The Information Management Really Needs


(Abstracted from Peter Drucker, Management Challenges for the 21st Century, Chapter 4)


His perspective


1.  Too much IT is invested in looking at operations issues and cost control.  Managers need to look past costs to the “creation of value and wealth.”


2.  Past technology improvements have been as productive or more so.  Between 1455 and 1505 the output of books went from 1200 pages/monk/year to 250,000 pages per printer/year.  Can we point to any current industry that is 200 times more productive than it was 50 years ago?


Good IT should provide managers with:


  1. Activity-based costing (includes cost of machine downtime, cost of waiting for a part, cost of inventory waiting to be shipped, cost of scrapping a defective part…)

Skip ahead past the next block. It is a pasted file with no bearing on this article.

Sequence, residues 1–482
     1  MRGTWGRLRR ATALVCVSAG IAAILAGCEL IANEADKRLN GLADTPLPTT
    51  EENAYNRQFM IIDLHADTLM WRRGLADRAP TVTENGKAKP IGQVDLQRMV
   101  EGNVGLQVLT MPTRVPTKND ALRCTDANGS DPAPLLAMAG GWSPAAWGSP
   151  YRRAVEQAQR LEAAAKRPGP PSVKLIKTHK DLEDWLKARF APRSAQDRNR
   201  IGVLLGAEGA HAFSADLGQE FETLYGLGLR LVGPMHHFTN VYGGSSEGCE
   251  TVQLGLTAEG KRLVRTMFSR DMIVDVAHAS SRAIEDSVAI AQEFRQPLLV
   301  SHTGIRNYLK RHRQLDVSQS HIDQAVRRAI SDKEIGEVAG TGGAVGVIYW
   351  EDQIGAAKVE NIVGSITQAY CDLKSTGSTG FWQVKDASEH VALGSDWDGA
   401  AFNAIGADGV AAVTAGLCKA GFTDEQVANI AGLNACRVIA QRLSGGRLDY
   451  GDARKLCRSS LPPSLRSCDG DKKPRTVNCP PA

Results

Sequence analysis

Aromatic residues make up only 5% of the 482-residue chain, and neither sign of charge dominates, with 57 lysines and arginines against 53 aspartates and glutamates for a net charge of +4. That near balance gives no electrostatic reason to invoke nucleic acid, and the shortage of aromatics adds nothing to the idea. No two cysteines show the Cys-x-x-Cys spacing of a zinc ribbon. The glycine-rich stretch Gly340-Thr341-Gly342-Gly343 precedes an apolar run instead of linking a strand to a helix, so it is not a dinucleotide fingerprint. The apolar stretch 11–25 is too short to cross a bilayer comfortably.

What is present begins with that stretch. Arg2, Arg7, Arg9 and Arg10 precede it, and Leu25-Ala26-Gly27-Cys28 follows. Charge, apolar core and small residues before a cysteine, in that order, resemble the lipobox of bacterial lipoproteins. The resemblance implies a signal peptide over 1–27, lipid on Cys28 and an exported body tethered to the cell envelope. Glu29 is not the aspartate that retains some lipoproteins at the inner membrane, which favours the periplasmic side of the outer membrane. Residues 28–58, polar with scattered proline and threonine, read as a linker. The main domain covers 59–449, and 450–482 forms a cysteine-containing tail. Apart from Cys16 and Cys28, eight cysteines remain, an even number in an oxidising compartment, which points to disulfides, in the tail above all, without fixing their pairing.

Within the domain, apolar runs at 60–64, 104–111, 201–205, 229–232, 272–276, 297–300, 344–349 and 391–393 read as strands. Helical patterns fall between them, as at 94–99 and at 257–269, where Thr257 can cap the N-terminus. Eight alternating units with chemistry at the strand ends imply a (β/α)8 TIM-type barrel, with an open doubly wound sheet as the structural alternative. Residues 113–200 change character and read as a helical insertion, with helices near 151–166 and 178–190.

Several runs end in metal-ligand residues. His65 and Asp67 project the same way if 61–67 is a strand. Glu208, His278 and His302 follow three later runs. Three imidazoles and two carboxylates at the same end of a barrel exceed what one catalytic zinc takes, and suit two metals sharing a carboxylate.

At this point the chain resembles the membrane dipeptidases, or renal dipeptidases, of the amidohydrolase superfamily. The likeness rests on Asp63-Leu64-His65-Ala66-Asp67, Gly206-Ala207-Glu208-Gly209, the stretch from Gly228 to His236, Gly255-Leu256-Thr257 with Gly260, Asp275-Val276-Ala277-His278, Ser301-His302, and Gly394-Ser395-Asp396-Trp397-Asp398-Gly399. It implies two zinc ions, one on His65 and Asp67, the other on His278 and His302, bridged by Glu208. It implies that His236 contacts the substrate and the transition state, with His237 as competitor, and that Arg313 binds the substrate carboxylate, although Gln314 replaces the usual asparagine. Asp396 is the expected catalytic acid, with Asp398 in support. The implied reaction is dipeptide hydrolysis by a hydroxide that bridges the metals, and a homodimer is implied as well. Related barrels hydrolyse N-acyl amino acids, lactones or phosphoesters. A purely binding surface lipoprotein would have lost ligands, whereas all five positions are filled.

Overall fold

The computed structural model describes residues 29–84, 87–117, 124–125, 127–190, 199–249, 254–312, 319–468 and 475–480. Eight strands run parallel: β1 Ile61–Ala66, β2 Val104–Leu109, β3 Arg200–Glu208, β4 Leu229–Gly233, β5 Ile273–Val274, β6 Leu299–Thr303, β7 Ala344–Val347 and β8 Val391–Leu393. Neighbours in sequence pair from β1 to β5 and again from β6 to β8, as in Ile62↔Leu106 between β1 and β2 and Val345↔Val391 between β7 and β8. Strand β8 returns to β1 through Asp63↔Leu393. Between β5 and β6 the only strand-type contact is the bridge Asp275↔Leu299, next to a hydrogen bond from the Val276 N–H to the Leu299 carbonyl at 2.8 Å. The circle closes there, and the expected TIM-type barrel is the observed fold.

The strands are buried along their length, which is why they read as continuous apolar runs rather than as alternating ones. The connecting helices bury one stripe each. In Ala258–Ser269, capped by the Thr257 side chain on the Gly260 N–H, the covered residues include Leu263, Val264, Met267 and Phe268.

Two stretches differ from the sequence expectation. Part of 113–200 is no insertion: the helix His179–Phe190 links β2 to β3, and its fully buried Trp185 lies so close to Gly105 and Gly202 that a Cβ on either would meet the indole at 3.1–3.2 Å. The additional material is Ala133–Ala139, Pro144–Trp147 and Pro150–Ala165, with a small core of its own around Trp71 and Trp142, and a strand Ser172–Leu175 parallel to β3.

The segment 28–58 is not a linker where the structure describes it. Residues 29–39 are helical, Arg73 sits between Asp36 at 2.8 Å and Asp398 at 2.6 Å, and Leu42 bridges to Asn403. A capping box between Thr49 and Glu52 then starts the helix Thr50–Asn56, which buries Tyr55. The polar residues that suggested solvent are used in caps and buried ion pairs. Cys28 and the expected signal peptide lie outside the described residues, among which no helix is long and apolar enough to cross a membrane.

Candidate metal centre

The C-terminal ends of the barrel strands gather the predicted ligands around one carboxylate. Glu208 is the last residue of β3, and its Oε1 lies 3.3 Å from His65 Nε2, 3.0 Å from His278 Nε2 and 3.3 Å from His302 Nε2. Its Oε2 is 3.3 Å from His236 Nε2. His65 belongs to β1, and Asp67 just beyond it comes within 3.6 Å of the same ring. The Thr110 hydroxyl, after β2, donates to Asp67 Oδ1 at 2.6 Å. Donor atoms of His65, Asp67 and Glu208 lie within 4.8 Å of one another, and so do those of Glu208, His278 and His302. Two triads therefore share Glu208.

1. Cost of entire economic chain (e.g. cost of production, shipping, service, training…)


  1. Price-led costing vs cost-led pricing


  1. Foundation information (cash flow, receivables, sales…)


  1. Productivity information (benchmarking, economic value-added analysis (profits must be greater than the cost of capital))


  1. Competence information (measured by unexpected successes and failures, innovation levels compared to competitors (why do the others guys have all the new products?))


  1. Resource allocation Information (review of ROI and payback period and discounted present value), people performance (against set and known standards)


  1. Business intelligence –knowledge about actual and potential competitors worldwide.



at some point managers need to get out of the office and talk with customers.  There is no substitute for personal contact.